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caping of hell-fire, if they did but consider of it? Would they swallow down their cups so greedily, and give up them→ selves to the world so eagerly, if they did but well consider what they do? Methinks they should not. The cause of sin and the devil is so naught, that I should hope to shame it with the most of the ungodly, if I could but bring them to a serious consideration of it. O how the kingdom of satan would down, if we could but tell how to make them considerate! How fast the devil would lose his servants! What abundance Christ would gain! And how many would be saved, if we could but tell how to make men considerate! And one would think that this should be easily done, seeing man is a self-loving, and reasonable creature; but yet to our grief, and great admiration, we cannot bring them to it. I should not doubt, but one sermon, or one sentence of a sermon, might do more good than a hundred do now; if I were but able to persuade the hearers when they come home, to follow it by serious consideration. But we cannot bring them to it; if our lives lay on it, we could not bring them to it; though we know that their own lives and salvation lieth on it, yet can we not bring them to it. They think, and talk of other matters almost as soon as the sermon is done, and they turn loose their thoughts; or if they do read, or hear, or repeat a little, yet cannot we get them to one half hour's secret and sober consideration of their case. This is the reason why it is so rare a thing to see men thoroughly turn to God. This is much of the use of all God's teachings and afflictions too, but to bring men to sober consideration. God knows that sin hath unmanned us, and lost us the use of our reason, where we have most use for it; and therefore the means, and works of God, are to recover us to our reason, and to make us men again: the very graces of his Spirit are to make us to be more reasonable.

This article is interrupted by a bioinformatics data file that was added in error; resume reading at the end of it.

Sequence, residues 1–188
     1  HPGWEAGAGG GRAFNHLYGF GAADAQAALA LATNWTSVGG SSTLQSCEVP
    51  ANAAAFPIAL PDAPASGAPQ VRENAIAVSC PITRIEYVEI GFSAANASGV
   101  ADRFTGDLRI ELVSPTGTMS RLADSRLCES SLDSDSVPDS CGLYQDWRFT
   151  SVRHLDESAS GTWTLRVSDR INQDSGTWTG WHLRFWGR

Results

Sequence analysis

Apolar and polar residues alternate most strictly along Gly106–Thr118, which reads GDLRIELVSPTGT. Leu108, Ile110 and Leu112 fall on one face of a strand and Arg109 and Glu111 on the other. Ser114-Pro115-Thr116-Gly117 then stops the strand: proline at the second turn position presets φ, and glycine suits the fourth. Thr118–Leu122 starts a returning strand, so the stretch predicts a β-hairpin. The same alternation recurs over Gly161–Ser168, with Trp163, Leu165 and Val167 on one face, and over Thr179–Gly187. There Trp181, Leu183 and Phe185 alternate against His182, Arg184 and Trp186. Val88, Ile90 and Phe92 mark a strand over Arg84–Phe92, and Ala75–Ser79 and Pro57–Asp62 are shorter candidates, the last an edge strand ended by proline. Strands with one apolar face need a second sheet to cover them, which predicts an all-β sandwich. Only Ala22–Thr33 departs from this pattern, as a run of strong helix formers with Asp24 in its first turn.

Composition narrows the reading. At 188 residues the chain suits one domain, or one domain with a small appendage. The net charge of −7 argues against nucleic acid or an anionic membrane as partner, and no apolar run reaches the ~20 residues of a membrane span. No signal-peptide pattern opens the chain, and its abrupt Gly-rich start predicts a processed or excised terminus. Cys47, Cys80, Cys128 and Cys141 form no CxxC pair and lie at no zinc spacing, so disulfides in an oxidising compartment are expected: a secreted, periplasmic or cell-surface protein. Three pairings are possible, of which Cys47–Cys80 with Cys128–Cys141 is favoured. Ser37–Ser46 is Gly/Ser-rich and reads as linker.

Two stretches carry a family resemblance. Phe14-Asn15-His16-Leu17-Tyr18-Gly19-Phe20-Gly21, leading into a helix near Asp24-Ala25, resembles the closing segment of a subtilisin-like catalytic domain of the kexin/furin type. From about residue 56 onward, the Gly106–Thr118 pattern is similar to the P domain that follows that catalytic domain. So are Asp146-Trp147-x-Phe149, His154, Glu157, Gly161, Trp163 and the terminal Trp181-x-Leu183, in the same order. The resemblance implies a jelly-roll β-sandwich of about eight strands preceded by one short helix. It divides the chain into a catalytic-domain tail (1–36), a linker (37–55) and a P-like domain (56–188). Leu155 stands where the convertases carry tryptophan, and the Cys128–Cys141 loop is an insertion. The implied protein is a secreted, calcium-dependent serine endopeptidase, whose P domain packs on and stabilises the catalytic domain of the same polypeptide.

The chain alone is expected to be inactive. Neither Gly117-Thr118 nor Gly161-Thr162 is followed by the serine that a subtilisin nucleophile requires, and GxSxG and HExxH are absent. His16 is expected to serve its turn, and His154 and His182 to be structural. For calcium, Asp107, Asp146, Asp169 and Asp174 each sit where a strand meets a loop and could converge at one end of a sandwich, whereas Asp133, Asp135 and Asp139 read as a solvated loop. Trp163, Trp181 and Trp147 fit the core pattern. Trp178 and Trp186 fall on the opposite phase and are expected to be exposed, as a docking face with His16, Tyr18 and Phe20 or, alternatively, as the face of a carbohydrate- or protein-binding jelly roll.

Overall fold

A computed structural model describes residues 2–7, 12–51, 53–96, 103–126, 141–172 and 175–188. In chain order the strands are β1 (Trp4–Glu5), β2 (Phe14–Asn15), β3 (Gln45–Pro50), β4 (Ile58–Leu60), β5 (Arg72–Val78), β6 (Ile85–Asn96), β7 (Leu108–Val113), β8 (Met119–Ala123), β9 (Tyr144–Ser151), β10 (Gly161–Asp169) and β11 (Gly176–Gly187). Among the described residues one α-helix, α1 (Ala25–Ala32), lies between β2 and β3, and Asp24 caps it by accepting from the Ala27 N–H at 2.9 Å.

And now, before I dismiss this direction, I have a question, and a request to make to thee, whoever thou art that readest these lines. My question is this, "Hast thou ever soberly considered of thy ways and laid these greatest matters to heart, or hast thou not?' Dost thou ever use to retire into thyself, and spend any time in this needful work ? If thou dost not, my request to thee is, that now at last thou wouldst do it without delay. Shall I beg this of thee? Shall the Lord that made thee, that bought thee, that pre

serveth thee request this of thee; that thou wouldst sometimes betake thyself into some secret place and set thyself purposely to this work of Consideration, and follow it earnestly and close with thy heart till thou hast made something of it, and brought it to a resolution? Wilt thou then spend a little time in reasoning the case with thyself, and calling thy heart to a strict account, and ask thyself, 'What is it that I was made for; and what business was I sent into the world about? And how have I dispatched it? How have I spent my time, my thoughts, my words; and how shall I answer for them? Am I ready to die, if it were this hour? Am I sure of my salvation? Is my soul converted, and truly sanctified by the Holy Ghost? If not, what reason have I to delay? Why do I not set about it, and speedily resolve? Shall I linger till death come and find me unconverted? O then what a sad appearance shall I make before the Lord!' And thus follow on the discourse with your hearts. What say you, sirs? Will you here promise me to bestow but some few hours, if it be but on the Lord's day, or when you are private on the way, or in your beds, or in your shops, in these considerations? I beseech you, as ever you will do any thing at my request, deny me not this request. It is nothing that is unreasonable. If I desired one of you to spend an hour in talking with me, you would grant it; yea, or if it were to ride, or go for me. And will you not be entreated to spend now and then a little time in thinking of the matters of your own salvation? Deny not this much to yourselves, deny it not to God, if you will deny it me. Should you not bethink you a few hours, of the place and state that you must live in for ever? Men will build strong where they think to live long; but a tent or a hut will serve a soldier for a few nights. O, sirs, Everlasting is a long day. In the name of God, let not conscience have such a charge as this against you hereafter: Thou art come to thy long home, to thy endless state, before ever thou spentest the space of an hour in deep, and sad, and serious considerations of it, or in trying thy title to it.' O what a confounding charge would this be. I am confident I have the witness of your consciences going along with me, and telling you it is but reasonable, yea, and needful, which I say. If yet you will not do it, and I cannot beg one hour's sober discourse in secret between you and your hearts about these